There are examples of star observations in Egyptian hieroglyphics, a priority after accounting !


Written communications are key to the team work to develop and spread understanding. From 3000BC to 500 BC, Picture writing systems evolved to the phonetic letter system that dominates till today.  

  • Picture writing system: glyphs (simplified pictures) directly represent objects and concepts, or sounds 

  • Phonetic system: graphemes refer to sounds or spoken symbols, and the form of the grapheme is not related to its meanings, can be  a whole word, syllables,  or an elementary sound.  

Scholars now recognize that writing may have independently developed in at least four ancient civilizations: Mesopotamia (between 3400 and 3100 BCE), Egypt (around 3250 BCE),[14][15][12] China (1200 BCE),[16] and lowland areas of Mesoamerica (by 500 BCE), and the Indus Valley aka Pakistan.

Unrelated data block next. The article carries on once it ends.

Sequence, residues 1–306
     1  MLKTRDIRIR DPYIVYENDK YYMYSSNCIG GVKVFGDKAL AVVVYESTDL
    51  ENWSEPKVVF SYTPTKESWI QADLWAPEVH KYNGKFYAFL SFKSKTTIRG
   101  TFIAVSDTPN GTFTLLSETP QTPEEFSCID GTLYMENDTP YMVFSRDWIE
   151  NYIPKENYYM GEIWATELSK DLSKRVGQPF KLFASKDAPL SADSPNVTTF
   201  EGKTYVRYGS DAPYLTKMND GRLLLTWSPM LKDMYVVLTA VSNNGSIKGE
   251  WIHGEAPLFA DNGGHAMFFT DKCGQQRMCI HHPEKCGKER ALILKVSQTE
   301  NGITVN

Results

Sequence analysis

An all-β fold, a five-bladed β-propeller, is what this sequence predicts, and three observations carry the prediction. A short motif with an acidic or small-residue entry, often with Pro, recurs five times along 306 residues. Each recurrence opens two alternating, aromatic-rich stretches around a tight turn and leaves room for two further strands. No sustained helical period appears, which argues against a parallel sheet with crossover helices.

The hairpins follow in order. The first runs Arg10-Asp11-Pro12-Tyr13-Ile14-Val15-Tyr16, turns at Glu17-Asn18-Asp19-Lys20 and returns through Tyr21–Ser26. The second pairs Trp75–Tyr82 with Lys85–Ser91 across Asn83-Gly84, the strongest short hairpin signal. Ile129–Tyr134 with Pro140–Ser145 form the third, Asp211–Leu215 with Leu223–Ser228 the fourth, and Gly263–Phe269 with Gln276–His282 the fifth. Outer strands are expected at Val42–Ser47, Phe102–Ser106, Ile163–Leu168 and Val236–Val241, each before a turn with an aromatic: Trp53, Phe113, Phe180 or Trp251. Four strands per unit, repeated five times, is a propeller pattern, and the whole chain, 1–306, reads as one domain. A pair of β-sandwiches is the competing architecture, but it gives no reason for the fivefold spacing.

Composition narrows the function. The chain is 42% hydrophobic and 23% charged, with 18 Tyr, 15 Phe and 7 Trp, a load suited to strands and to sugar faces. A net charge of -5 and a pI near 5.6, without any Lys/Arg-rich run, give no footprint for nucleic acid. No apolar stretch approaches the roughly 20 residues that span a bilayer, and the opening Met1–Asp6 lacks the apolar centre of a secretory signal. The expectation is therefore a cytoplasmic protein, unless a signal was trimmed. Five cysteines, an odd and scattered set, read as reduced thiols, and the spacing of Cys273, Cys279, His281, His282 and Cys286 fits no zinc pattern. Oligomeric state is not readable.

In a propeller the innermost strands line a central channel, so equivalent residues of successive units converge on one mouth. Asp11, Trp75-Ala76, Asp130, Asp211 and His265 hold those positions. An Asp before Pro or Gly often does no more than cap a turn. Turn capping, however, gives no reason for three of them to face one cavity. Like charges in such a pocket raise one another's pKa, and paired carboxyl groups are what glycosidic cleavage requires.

The Kish tablet from Sumer, with pictographic writing. This may be the earliest known writing, 3500 BC. There are several regional variants that developed the  Sumerian's  used Cuniform,  Mycenean's used Linear A&B, and Egyptian hieroglyphs have the largest preserved content in tombs and temples. 


The Egyptian hieroglyphs came in 3 types - Phonograms for one or more sounds, Logograms for words, Determinatives for context information.


Pictographs have survived to this day in Chinese. The logographic script made a much more dramatic impression on readers than a phonetic script because people were not just reading words on a page but absorbing concepts directly as they read. On the negative side, the creation of a literate elite meant class divisions where those who could read and write were considered more valuable members of society than those who could not.   Chinese script was adopted by Japan as KanjiKorea, and Vietnam. Japanese also  have a syllabic pictograph scripts as well - Kana.